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-   -   We all know unicycle seats have issues... (http://www.unicyclist.com/forums/showthread.php?t=76193)

banjolick 2009-02-06 03:10 PM

We all know unicycle seats have issues...
 
...so has anyone ever tried one of these? http://www.hobsonseats.com

They have no nose, which would reduce the blood-flow issues for long rides, but I wonder if this seat would end up being too difficult to control the cycle from.

Personally, I think it would be hillarious to get the sheepkskin covers for the seat as well.

So any thoughts? I was looking at trying to make my own seat design specifically for long-distance riding, maybe basing it off one of these guys.

saskatchewanian 2009-02-06 04:35 PM

might work with a long handle, I can't see those being comfortable unless you have the seat way down on a cruiser bike.

check out this thread

http://www.unicyclist.com/forums/showthread.php?t=75372

kington99 2009-02-06 04:39 PM

no nose means very little ability to steer without using your hands

banjolick 2009-02-06 04:40 PM

actually, those seats are made specifically for sitting upright in, not leaning forward. They are made by an orthopedic company. I just wonder if it were to add in a slight curve to the seat whetehr it would work. I plan on trying to make a new design, you see...

banjolick 2009-02-06 04:44 PM

I was also thinking about cupping the thing up the sides of the butt. Like a butt cup...

johnfoss 2009-02-06 05:37 PM

Variations on that seat type have been around forever. I even have a picture of an antique bike on display in a museum setting with a split seat kind of like that. The thing is, I never see these seats "out in the field." Why is that?

Mostly I think they are geared toward casual riders, contrary to the marketing on the site. They're good for people who don't ride enough for their crotch and seat to "form an understanding" if you know what I mean. And, as mentioned above, are intended for an upright riding position.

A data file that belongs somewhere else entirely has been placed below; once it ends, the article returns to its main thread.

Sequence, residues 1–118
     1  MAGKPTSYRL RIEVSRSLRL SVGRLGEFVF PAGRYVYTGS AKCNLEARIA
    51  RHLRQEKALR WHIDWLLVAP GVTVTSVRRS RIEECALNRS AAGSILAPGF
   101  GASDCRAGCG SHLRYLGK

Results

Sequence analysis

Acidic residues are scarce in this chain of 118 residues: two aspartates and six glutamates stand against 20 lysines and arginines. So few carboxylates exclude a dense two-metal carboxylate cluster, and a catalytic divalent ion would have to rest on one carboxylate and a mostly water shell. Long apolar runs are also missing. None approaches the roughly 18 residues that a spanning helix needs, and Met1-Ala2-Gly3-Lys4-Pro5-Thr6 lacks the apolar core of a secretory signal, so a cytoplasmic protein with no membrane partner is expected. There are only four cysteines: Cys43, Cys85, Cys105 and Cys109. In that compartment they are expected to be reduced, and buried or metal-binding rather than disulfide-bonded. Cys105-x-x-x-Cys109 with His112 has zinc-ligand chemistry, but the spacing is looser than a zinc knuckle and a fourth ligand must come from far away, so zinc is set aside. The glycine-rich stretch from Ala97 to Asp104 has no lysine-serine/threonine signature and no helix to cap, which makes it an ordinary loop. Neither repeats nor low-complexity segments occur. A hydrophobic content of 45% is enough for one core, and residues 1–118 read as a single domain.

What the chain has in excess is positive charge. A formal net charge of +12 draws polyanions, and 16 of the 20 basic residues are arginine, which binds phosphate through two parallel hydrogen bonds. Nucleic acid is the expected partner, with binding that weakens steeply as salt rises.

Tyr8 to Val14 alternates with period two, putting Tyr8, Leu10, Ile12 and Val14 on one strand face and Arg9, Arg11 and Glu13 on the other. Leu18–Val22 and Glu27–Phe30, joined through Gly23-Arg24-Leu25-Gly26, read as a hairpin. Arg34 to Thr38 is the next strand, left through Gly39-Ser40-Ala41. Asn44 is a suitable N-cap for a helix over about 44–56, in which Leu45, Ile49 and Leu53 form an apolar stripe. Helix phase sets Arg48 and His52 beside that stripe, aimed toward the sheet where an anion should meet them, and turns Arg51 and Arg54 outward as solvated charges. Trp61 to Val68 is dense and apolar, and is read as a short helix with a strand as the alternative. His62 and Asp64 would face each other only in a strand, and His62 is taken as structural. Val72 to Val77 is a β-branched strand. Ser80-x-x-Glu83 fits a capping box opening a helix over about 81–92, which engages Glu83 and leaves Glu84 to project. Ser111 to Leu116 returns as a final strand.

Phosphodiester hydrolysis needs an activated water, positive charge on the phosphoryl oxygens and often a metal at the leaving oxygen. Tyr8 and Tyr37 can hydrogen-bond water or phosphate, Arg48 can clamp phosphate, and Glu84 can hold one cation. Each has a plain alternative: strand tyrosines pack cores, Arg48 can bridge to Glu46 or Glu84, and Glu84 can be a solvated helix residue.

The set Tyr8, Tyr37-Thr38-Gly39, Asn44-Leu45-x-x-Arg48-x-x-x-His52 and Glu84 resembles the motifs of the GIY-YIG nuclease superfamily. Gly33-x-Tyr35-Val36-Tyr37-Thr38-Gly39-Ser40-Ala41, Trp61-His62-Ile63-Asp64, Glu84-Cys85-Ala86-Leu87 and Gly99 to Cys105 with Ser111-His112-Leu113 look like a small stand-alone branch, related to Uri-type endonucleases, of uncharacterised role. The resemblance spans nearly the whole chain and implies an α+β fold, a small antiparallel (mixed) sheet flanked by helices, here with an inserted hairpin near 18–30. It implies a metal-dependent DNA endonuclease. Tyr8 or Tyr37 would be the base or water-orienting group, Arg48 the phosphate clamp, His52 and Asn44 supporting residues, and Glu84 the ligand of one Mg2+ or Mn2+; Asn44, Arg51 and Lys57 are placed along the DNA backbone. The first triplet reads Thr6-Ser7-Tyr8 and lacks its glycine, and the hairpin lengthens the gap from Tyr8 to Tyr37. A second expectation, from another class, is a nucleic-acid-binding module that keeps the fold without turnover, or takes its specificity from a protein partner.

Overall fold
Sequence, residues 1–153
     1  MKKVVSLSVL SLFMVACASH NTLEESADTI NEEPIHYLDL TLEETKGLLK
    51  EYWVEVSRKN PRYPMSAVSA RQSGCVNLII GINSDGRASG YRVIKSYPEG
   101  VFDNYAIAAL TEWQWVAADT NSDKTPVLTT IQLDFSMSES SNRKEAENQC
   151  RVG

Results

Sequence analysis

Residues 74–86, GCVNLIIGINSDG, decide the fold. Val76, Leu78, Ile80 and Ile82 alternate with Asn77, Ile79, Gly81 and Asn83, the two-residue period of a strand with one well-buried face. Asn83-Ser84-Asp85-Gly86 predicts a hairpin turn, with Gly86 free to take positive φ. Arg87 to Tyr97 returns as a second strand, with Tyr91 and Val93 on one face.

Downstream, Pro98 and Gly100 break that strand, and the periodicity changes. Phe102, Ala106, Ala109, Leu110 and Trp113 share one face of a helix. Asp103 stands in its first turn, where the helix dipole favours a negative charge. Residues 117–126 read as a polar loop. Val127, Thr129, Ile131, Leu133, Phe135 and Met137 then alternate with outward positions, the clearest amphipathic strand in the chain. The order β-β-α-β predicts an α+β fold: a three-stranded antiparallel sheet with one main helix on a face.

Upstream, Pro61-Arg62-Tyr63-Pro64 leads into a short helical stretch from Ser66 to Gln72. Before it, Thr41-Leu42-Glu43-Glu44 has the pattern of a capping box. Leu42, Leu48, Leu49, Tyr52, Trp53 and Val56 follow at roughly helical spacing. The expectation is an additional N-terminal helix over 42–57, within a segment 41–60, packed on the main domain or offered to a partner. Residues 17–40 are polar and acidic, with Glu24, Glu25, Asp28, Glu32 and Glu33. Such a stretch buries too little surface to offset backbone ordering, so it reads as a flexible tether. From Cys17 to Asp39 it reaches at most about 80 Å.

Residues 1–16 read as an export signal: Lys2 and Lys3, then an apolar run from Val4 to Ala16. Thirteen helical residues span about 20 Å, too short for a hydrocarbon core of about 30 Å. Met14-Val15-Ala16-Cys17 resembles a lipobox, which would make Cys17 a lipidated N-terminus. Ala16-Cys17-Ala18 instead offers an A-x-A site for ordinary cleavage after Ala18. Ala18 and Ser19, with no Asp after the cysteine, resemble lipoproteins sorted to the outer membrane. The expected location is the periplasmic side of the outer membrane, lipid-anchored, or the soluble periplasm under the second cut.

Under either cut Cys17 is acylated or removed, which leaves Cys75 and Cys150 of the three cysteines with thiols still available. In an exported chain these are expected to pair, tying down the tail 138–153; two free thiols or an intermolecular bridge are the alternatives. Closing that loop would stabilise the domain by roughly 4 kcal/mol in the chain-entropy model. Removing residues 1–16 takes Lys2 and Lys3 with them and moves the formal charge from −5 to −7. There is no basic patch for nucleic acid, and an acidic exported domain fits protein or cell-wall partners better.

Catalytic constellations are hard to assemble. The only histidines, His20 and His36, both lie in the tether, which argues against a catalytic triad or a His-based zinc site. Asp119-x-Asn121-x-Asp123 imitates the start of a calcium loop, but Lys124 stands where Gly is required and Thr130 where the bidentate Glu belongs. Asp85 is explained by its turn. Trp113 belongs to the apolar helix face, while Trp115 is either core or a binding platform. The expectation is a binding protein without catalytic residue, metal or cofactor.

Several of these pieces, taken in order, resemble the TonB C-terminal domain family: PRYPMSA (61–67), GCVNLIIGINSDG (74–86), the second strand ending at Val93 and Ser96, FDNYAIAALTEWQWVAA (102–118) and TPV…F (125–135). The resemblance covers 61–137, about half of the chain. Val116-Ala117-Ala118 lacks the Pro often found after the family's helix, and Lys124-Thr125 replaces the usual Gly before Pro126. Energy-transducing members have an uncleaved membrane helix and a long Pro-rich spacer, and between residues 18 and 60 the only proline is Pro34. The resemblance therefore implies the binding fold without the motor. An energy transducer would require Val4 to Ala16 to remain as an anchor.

Devil's advocate:
I also almost never see unicycles "out in the field" unless I've arranged to meet them. I think a seat like that might work if you have a full handlebar setup, where you're always holding onto some part of the bars. I know it wouldn't be the right shape to work for me, but seat comfort is a very personal thing, and it may work for someone else. If you try one, let us know how it's working out!

MuniAddict 2009-02-06 06:04 PM

Seems to me that the fusion freeride is the most comfy setup, primarily due to the fact that there is *less* curvature in the middle. I think there needs to be at least some curve in the middle, and the shape is necessary for turning and so on. Maybe the next generation uni saddles with have even less curvature depth, and also have an improvement on foam type, density and different layers of foam to improve comfort even more.

tumbles 2009-02-06 08:08 PM

Quote:

Originally Posted by johnfoss (Post 1184942)
Variations on that seat type have been around forever. I even have a picture of an antique bike on display in a museum setting with a split seat kind of like that. The thing is, I never see these seats "out in the field." Why is that?

Mostly I think they are geared toward casual riders, contrary to the marketing on the site. They're good for people who don't ride enough for their crotch and seat to "form an understanding" if you know what I mean. And, as mentioned above, are intended for an upright riding position.

Devil's advocate:
I also almost never see unicycles "out in the field" unless I've arranged to meet them. I think a seat like that might work if you have a full handlebar setup, where you're always holding onto some part of the bars. I know it wouldn't be the right shape to work for me, but seat comfort is a very personal thing, and it may work for someone else. If you try one, let us know how it's working out!

I completely agree, from being an long time roadie the hard seats that most people think are uncomfortable are the best for long rides. I know that most stardard seats aren't comfortable but nicer uni seats do the job. I sometimes think its better not to re-invent the wheel so to speak, however, I'd be at least willing to try it out.